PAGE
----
Book Review: Imaginative Realism: How to Paint What Doesn't Exist

Imaginative Realism: How to Paint What Doesn't Exist

If you are a regular reader of James Gurney's blog, Gurney Journey, you would expect nothing less. This book is as good as I expected. He dispenses his knowledge as freely as he does on his blog. Here's what he says about his own book from the introduction:

This is not a book about figure drawing, anatomy, or perspective. It's not a step-by-step guide on how to draw dinosaurs. It's also not a recipe book for a particular paint technique, although all these topics are addressed in passing. What this book contains is a distillation of the time-tested methods that I've found to be most helpful for achieving realism in imaginative pictures. — James Gurney

If you haven't got the hint from the title, this book is about making your art real and believable. In every chapter, James Gurney shares with us what he learned when creating his paintings. There are topics on people, dinosaurs, architecture, vehicles, composition and his step-by-steps (not techniques but process). The tips he gives can be applied on other subjects as well.

The importance of research is emphasized and the amount of research he does really shows. While creating an illustration on ship wreckage for National Geographic, he talked to survivors to get an accurate account. He found out there's a drummer boy who used his drum as a float and drew that in. He also acted out the various poses of sailors in distress, rather than drawing them from imagination. The result is a painting that tells its story convincingly. The same goes for many of his other paintings.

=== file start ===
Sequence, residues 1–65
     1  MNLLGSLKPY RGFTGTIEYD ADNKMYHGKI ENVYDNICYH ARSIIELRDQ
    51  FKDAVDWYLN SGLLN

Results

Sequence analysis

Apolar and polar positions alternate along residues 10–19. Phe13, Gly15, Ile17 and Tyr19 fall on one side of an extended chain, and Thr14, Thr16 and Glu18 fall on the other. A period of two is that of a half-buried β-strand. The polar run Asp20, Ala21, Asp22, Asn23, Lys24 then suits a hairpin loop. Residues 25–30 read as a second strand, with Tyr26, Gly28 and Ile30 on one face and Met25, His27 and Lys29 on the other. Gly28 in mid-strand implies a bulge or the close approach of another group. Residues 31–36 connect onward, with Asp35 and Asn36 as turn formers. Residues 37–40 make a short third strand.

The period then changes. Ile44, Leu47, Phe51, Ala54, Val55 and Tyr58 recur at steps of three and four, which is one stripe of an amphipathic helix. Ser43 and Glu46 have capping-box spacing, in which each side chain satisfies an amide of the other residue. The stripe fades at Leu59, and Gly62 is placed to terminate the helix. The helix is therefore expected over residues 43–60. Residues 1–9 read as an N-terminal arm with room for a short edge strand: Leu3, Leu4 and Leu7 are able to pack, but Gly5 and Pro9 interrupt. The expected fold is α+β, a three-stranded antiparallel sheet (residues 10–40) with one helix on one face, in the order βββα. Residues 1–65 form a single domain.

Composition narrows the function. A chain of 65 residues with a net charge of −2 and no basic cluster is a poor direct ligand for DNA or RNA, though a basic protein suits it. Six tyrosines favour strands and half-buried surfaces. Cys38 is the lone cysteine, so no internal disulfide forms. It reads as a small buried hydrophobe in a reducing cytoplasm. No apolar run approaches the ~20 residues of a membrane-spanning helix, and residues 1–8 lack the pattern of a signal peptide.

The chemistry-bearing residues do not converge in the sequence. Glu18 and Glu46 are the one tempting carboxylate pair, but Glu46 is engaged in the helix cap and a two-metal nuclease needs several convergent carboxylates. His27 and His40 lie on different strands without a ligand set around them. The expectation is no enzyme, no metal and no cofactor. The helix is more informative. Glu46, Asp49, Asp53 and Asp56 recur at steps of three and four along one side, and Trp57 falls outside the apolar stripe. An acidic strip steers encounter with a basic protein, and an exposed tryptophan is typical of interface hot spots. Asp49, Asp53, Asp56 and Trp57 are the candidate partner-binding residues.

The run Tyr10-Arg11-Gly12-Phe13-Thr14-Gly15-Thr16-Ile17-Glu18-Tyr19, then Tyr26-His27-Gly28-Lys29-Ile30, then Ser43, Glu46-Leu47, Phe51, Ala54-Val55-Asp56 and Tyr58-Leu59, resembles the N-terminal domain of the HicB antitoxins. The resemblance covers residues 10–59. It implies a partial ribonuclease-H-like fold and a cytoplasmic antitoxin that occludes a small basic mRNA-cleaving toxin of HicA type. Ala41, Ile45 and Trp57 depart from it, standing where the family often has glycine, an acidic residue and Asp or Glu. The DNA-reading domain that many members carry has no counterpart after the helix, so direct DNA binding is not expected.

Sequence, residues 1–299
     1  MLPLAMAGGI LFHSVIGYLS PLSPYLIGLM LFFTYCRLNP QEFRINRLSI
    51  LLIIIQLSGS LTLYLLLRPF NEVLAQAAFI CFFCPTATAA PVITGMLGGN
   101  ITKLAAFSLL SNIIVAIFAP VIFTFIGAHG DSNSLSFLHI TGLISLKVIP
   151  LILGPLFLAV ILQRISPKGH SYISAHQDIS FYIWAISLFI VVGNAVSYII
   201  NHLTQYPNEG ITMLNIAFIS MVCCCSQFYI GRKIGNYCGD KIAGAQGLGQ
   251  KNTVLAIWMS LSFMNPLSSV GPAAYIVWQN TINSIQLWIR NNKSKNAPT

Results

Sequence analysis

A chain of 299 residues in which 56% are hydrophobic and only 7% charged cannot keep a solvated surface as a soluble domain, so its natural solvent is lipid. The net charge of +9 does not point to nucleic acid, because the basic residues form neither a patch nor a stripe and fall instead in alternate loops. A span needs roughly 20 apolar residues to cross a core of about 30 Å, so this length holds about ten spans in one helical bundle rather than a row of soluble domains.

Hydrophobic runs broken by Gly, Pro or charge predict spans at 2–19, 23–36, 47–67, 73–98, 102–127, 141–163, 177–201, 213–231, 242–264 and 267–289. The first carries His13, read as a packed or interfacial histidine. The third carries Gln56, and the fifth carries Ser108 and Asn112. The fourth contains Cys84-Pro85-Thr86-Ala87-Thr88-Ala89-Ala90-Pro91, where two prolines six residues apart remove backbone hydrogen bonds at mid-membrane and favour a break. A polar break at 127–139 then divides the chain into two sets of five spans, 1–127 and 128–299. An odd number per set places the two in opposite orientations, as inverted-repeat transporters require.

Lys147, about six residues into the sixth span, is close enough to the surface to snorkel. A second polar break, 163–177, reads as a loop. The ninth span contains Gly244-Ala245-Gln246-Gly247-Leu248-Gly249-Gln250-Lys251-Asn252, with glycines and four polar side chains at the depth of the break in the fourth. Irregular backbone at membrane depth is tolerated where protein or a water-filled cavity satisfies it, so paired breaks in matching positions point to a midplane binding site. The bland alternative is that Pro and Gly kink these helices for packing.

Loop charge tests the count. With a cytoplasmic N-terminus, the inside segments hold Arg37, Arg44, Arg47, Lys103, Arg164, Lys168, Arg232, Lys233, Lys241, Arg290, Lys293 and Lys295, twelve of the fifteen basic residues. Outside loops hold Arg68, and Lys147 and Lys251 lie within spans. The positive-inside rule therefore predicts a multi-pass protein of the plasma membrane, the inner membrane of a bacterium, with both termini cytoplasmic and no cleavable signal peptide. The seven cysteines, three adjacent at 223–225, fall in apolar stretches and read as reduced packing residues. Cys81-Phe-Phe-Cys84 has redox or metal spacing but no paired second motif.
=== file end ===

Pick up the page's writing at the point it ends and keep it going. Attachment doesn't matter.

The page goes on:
Another interesting read is the story of him trying to design a Dinotopian fire engine. When he presented his concept art to a professional fire engine designer, it was critiqued to have form but not function. There's lack of heat protection for the dinosaur, lack of understanding on how water hose works and a complicated water pump design. The revised concept is a huge improvement in believability that I thought it actually might work.

He has provided lots of photos and his own work in the book. You'll get to see how he stages the props for reference, sketches and drafts, plenty of commissioned work (especially from National Geographic), the bird on his shoulder while he's drawing, the lousy-art incinerator he created from mirrors and other entertaining stuff.

Imaginative Realism is an enlightening and fun read. Highly recommended to professionals, beginning art students and those who wish to push their art to the next level in terms of depth.

Be sure to check out more work and writing from James Gurney at gurneyjourney.blogspot.com. On his blog, he talks about his work, art theories, insights and news from the creative field.

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